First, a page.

A new report on hip fracture surgery shows that not all patients are receiving properly planned care and rehabilitation after leaving hospital.
Findings published in the National Hip Fracture Database (NHFD) annual report for England, Wales and Northern Ireland reveal that collaboration between orthopaedic surgeons and geriatricians in coordinated hip fracture programmes has led to improved patient care in many areas, with two thirds of all hip fracture patients receiving ‘best practice’ care in hospital.
However, the authors caution that such collaborations appear to focus on the acute care of patients with little influence over longer term rehabilitation.
They express concern that a number of hospitals are still delivering care under a traditional orthopaedic-led model despite national guidelines calling for multidisciplinary partnerships.
The NHFD report evidences how access to a multidisciplinary programme of care and rehabilitation for older people after hip fracture surgery can improve patient experience, enhance their recovery and save money for the NHS by reducing length of stay in hospital and patient readmissions.
Hip fracture is the most common serious injury for older people and the most common reason for them needing emergency surgery. Emergency hip fracture surgery costs the NHS more than £1 billion a year and length of hospital stay represents the largest portion of the cost.
Patients may remain in hospital for several weeks, taking up around 1.5 million bed days each year, equating to continuous occupation of more than 4,000 NHS beds across England, Wales and Northern Ireland.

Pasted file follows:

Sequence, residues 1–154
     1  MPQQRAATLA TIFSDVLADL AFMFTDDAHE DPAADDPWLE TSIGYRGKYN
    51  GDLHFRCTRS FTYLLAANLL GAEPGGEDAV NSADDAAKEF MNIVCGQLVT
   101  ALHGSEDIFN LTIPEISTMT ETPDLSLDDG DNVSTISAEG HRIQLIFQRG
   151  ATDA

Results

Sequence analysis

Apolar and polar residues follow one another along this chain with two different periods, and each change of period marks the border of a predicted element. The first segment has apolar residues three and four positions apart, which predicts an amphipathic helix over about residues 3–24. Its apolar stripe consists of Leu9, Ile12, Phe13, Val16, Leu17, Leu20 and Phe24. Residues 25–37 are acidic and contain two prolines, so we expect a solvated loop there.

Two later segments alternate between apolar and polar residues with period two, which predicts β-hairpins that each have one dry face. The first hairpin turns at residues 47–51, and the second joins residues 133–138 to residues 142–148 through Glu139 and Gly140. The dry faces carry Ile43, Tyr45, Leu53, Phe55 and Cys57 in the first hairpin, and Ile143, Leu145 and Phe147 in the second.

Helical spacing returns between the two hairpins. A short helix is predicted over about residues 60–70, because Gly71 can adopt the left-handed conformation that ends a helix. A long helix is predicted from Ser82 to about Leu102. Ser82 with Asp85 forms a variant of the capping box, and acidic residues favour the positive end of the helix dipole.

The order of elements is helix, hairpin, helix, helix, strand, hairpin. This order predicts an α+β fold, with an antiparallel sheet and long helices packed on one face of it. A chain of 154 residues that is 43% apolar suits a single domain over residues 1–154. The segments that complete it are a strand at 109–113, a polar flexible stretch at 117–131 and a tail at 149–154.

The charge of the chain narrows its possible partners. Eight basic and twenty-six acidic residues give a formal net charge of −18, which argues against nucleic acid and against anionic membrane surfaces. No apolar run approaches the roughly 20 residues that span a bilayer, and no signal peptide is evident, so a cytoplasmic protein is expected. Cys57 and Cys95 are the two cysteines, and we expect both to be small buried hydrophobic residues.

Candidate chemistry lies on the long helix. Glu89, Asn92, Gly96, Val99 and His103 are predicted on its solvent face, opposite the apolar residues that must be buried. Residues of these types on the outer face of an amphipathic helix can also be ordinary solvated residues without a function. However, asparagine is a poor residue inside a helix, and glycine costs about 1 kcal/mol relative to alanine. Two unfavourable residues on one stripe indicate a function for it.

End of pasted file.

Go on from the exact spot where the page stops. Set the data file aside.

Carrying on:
The NHFD report analyses the process and outcomes of care of nearly 65,000 people who presented with a hip fracture across 177 hospitals.
It reports much good practice within inpatient care; 72% of patients received surgery on their first or second day in hospital and the same percentage were able to get out of bed by the day after their operation.
The report calls for hip fracture programmes to cover the entire pathway of care for frail older people, from hospital admission to recovery, by involving rehabilitation and community services alongside surgical, medical and nursing care in a multidisciplinary team.
It recommends locally managed partnerships between clinicians and community service providers to extend all hip fracture programmes into post hospital care. The report also calls for hospital hip fracture teams to work with rehabilitation and community units to undertake a 120 day follow-up for all patients as an integral part of their care.
The report cites several examples of good practice, where cross-cutting partnerships linking hospital and community services are improving outcomes and reducing hospital bed occupation.
- Royal Berkshire Hospital, Reading – where a new pathway includes early mobilisation and proactive discharge planning. Patients are placed under the care of specialist doctors in a dedicated specialist multi-disciplinary team providing post-operative care and rehabilitation. Patients are reporting enhanced care and average length of hospital stay has been reduced from 19.3 days to 15.2 days.
- St Peter’s Hospital, Ashford – where the effectiveness of an early orthopaedic supportive discharge scheme has led to an overall reduction in the percentage of patients sent to rehabilitation and very positive feedback from patients.
But it also indicates there are many instances where hip fracture programmes do not include post hospital care and patients are losing out.
Dr Antony Johansen, NHFD clinical lead, orthogeriatric medicine said: “Collaboration between geriatricians and orthopaedic surgeons was key to NICE’s recommendation that patients are treated as part of a ‘hip fracture programme’. The NHFD has documented the success of such programmes in delivering improved hip fracture care, but many are still focused on the first hours and days of care.
“Patients expect high quality care throughout their recovery. Teams in acute hospitals must link with colleagues in rehabilitation and social care if hip fracture programmes are to deliver such care, and to understand how this supports their patients’ recovery.”